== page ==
Peter Flack: DRC: Ex Africa Semper Aliquid Novi – not
Pliny’s much over-used and abused quote, that there is always something new from Africa, has long outlived its relevance. In fact, for the last 50 years or so the news from Africa has become depressingly the same.
The recent moves by the DRC government to tear up their agreement – enshrined in an act of their own parliament – with overseas mining companies trying to help resuscitate their pale shadow of what an economy is meant to provide for its citizens, is a case in point of the endless cycle of repetition, and demonstrates the natural resources curse that has bedevilled Africa.
For the sake of the argument, assume for a moment that power in Africa comes from being able to buy the biggest weapons and commanding those who can and will use them. In other words, power is something you take. Authority, on the other hand, is what citizens give leaders who have demonstrated the honesty, hard work and ability to improve the lot of those self-same citizens. The abundant natural resources that Africa is endowed with, in its simplest form, allows “leaders” to divert the revenue derived from their exploitation and use it to buy weapons, soldiers, police and politicians without having to rely on their citizens to abide by their laws and pay their taxes. In other words, having taken the power, they do not need authority.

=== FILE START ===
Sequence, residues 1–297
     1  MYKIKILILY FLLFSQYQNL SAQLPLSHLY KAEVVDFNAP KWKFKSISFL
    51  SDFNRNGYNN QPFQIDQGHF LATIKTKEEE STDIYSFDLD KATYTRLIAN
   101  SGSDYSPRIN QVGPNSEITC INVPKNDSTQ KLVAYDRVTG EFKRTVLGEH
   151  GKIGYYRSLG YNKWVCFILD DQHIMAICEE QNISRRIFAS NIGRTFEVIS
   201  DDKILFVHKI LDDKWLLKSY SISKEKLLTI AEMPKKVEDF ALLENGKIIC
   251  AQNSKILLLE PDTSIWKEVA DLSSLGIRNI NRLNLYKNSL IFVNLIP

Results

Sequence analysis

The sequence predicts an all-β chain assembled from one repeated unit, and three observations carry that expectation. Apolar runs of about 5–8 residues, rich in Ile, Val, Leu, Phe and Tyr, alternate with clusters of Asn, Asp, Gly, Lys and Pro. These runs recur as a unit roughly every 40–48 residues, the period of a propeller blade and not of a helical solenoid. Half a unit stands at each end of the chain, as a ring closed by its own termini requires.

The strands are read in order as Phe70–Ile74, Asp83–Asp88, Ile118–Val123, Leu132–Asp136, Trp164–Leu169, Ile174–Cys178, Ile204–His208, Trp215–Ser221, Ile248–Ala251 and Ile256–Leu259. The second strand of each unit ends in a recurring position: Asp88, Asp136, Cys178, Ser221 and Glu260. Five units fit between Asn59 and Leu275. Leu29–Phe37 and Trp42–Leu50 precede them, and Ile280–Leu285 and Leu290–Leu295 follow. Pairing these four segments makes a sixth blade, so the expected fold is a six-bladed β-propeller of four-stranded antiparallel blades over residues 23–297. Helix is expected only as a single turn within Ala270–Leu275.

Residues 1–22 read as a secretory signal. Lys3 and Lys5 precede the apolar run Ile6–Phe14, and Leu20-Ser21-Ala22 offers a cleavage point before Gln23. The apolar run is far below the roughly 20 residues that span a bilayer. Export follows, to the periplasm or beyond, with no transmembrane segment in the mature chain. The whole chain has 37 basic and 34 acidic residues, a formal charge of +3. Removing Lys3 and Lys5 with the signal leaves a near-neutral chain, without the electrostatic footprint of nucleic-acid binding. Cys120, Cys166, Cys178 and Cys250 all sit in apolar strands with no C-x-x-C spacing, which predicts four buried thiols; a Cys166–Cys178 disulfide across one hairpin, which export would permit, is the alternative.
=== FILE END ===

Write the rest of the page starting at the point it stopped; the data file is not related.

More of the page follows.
This is at the heart of the premise behind Why Nations Fail – The Origins of Power, Prosperity and Poverty by Messrs Daron Acemoglu and James A. Robinson.
I had dinner last week Monday with Mark Bristow, CEO of Randgold Resources, the London-listed African gold miner and the effective 45% owner of Kibali gold mine in the DRC. In my humble opinion, Bristow (who holds a doctorate in geology from Natal University) is the best African mining executive the continent has produced in the last couple of generations. While I was lucky enough to be his CEO for a few years and helped raise the finance to support his original vision, it was the strategy he and his team of geologists developed which, from a standing start less than 25 years ago, has created an African gold mining group encompassing five active gold mines with a market capitalisation of some $8-billion (prior to the events of last week), which is greater than that of AngloGold Ashanti, which had scores of years of a head start.